31 Steps to End Violence Against Women in BC

by | April 3, 2013
filed under Can-Con, Feminism, Politics

by Jarrah Hodge

With a provincial election coming up, the Jane Doe Legal Network has come out with a list of “31 Things British Columbia Can Do Right Now to End Violence Against Women”.  Starting in March to coincide with International Women’s Day, the group released one recommendation a day for 31 days. As the network stated in its release:

Women in British Columbia have waited too long already. That is why we are offering 31 things that BC’s new Provincial Office of Domestic Violence (PODV) can push for right now to increase safety for women and to bring us closer than we have ever been to ending violence against women once and for all.   We are calling for 31 social, economic and legal changes, none of which are unachievable in this province. Some would require very little financial investment, and each of them will save resources in the long term given the high costs of violence against women.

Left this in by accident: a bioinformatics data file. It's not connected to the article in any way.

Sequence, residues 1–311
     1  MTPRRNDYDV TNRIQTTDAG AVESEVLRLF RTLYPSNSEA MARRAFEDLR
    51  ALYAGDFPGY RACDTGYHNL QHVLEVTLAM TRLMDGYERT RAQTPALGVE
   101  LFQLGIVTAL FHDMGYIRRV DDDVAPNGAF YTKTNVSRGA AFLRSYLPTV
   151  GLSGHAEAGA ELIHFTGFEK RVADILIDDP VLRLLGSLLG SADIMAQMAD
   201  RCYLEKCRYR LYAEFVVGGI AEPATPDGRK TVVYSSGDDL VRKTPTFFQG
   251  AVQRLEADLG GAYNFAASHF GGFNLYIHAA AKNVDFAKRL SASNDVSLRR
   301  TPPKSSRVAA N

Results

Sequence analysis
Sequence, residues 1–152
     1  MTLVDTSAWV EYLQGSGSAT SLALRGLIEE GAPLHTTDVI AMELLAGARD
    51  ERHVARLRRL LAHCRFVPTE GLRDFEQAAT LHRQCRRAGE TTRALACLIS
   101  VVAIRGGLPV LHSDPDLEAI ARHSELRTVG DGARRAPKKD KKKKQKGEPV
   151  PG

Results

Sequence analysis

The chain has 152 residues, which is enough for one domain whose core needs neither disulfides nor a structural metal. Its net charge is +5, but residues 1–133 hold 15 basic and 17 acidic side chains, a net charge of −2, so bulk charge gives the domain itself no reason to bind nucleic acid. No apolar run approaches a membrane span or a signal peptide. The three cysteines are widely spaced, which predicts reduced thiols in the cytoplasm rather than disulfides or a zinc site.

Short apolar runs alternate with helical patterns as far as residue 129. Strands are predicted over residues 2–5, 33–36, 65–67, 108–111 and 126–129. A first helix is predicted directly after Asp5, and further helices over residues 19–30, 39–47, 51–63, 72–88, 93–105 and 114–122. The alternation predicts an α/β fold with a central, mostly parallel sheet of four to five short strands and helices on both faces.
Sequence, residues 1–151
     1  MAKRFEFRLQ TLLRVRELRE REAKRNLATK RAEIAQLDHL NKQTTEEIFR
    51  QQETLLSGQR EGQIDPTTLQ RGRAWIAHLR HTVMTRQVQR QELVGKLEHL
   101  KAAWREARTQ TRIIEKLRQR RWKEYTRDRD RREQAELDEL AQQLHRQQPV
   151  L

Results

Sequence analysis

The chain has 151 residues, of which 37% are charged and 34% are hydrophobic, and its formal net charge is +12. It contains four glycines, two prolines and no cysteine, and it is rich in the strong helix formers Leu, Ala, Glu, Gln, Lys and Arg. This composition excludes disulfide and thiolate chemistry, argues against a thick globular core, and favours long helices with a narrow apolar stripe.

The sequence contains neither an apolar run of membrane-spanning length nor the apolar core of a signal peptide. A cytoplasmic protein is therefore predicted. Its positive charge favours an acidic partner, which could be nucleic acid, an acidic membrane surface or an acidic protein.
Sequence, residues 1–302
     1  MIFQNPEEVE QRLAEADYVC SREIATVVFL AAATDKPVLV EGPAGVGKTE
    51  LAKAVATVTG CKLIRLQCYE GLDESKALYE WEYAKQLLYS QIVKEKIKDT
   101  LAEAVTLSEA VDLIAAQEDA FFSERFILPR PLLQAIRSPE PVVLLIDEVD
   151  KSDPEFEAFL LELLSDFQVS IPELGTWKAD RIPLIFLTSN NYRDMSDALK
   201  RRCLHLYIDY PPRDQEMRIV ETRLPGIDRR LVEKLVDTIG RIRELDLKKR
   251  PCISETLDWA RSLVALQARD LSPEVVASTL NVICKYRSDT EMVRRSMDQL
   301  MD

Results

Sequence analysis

These have all been shared at the Jane Doe site and Battered Women’s Support Services’ Ending Violence Blog, with more detail on each recommendation, but I wanted to share the list and summaries of each point for those of you who are looking for what policies to support and advocate for when contacting your local candidates. Many of the recommendations are also applicable to other jurisdictions and might help focus work for activists outside BC.

  1. Call violence against women what it is. We  need to shift our language away from euphemism and legalese in  law, in policy, the courts and  everyday life in order to make systemic problems visible.